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According to the Maple Leafs and Raptors, some players and staff have received the H1N1 vaccine, but both teams deny jumping the line for shots.

Under considerable pressure to say whether their players have been vaccinated against the virus, the Leafs issued a statement saying they were only following medical protocol by having their players injected.

“Any vaccine supplies received were obtained through normal distribution and no preferential treatment was requested nor received,” the statement from spokesman Pat Park said in part.

The Leafs’ stablemates at the Air Canada Centre, the Toronto Raptors, made a similar statement in an email to the Star.

“We are operating with a heightened awareness of influenza and taking appropriate precautions. While all professional athletes are considered high risk to exposure and transmission of the flu due to excessive contact with other players, heavy travel requirements and public exposure, only certain players and staff have received the H1N1 vaccine,” wrote Raptors spokesperson Jim LaBumbard in an email to the Star on Wednesday.

“Consistent with other medical information or cases, this information is considered private and confidential.”

LaBumbard wrote that the Raptors’ medical staff procured the vaccine “through normal distribution and no preferential treatment was requested nor received.”

In recent days, the Calgary Flames have come in for criticism after they revealed that team members had received H1N1 shots. Alberta Health Services said Wednesday it has fired a senior staff member over the controversy. It wouldn’t name who has been dismissed, but said it was wrong to give the hockey players preferential treatment.

The H1N1 vaccine has been in short supply across the country, with only high-risk members of the general public allowed access to the shots.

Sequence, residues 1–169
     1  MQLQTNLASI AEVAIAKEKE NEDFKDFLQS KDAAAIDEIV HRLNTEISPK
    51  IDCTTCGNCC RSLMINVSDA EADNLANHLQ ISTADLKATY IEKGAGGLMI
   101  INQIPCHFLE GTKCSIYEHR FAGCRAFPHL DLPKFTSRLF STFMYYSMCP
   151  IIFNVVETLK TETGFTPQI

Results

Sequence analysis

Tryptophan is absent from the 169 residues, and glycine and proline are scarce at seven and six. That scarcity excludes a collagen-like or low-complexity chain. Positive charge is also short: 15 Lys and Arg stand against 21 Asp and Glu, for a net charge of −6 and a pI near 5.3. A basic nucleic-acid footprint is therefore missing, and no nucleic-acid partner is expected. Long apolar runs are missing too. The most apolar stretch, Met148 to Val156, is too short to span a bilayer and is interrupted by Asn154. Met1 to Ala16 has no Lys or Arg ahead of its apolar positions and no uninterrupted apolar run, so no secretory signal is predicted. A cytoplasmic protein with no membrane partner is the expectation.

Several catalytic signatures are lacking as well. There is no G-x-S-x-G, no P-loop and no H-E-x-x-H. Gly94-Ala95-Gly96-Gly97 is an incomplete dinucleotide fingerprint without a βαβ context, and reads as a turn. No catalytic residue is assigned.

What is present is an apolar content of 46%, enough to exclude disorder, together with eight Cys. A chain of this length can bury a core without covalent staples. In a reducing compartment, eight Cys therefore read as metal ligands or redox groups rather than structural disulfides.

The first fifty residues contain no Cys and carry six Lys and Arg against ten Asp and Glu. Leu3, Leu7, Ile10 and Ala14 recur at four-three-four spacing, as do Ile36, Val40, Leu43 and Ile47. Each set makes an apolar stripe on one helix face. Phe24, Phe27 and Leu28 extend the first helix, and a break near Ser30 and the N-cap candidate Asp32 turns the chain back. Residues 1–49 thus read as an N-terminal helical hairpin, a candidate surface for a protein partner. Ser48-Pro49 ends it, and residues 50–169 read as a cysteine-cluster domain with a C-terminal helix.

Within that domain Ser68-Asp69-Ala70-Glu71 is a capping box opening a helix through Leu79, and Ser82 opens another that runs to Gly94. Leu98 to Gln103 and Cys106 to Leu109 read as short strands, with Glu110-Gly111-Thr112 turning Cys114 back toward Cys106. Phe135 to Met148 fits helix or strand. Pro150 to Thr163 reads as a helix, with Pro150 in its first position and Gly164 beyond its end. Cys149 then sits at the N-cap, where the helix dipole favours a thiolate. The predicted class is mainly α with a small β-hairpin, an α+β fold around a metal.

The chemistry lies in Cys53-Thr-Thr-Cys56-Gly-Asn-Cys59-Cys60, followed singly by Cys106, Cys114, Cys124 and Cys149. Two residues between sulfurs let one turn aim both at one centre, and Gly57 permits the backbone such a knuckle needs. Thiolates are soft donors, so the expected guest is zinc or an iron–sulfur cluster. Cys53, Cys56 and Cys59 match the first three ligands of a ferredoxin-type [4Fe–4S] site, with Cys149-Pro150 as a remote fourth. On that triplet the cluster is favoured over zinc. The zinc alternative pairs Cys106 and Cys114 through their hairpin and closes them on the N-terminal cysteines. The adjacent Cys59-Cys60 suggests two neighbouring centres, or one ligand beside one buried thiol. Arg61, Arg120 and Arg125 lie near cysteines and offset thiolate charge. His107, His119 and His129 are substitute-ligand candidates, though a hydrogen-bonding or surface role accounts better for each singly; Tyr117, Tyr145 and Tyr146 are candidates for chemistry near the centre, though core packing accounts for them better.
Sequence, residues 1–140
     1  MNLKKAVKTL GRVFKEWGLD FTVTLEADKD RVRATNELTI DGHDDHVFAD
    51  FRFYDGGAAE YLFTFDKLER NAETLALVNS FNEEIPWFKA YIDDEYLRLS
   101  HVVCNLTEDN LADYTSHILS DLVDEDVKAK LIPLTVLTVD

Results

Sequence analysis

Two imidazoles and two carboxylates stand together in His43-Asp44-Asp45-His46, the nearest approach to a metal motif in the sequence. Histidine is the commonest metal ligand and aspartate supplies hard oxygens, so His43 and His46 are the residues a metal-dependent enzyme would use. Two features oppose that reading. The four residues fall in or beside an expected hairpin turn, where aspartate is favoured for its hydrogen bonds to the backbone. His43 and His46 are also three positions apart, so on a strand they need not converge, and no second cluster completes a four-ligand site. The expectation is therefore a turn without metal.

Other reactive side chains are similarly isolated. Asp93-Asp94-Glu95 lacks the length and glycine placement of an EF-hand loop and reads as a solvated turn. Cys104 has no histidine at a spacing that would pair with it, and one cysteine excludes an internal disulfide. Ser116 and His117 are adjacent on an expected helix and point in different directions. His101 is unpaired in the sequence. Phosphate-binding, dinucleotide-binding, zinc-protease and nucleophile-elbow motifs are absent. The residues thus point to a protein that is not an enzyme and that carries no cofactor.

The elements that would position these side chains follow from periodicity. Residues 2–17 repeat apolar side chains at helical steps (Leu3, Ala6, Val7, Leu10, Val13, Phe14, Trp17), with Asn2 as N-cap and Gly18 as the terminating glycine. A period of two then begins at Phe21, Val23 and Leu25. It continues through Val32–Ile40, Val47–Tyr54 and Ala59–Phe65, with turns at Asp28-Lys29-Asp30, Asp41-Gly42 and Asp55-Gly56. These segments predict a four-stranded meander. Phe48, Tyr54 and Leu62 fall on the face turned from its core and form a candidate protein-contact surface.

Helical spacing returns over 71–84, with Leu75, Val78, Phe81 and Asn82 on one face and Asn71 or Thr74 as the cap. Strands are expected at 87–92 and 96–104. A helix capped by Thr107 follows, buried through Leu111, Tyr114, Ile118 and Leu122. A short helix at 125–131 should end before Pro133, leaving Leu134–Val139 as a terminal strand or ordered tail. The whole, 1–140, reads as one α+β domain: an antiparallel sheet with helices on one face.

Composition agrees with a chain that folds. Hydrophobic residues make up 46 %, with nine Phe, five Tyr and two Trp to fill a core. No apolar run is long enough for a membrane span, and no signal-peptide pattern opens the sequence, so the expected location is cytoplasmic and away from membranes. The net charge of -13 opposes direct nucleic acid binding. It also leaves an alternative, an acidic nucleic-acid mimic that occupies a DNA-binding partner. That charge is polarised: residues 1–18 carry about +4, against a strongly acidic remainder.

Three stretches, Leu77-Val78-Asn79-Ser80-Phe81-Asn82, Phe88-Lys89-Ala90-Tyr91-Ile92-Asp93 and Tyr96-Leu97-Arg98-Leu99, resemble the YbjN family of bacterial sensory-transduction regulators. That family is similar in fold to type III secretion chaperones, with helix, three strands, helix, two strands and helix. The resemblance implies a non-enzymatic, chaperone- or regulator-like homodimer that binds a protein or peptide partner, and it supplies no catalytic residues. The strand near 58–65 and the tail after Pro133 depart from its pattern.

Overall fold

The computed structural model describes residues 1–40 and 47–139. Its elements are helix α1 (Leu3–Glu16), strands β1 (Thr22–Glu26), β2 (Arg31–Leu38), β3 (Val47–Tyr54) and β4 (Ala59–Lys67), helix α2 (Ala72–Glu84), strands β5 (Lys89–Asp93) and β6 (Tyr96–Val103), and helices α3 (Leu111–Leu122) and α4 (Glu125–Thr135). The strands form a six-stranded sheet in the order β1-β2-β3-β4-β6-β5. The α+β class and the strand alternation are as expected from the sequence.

According to Toronto Public Health, those in the high-risk category for contracting H1N1 are pregnant women, children between six months and 5 years old, people under 65 with chronic health conditions and health care workers. Those who have received the shot have often waited in line for hours to do so.

Tyler Bozak, who plays for the Leafs farm team, missed two games when he came down with a flu, suspected to be the H1N1 virus. The Marlies rookie was quarantined from his teammates but is now back with the team.

Members of the Toronto Blue Jays returned home when the baseball season ended a month ago. The team has no plan or directive in place as regards the flu shot.

“The (team) medical staff … has worked to educate our players regarding this issue and making recommendations that they receive the vaccine,” said Jays spokesperson Jay Stenhouse. “The decision on whether to receive the vaccine rests with the individual player.”

Designated hitter Adam Lind, who spends the winter in Muncie, Indiana, says he has no plans to get the shot.

“I am worried about (H1N1), but I’ve had vaccines before and I end up getting sick from the vaccine,” Lind said Wednesday. “But every time I get back to my house, I wash my hands.”

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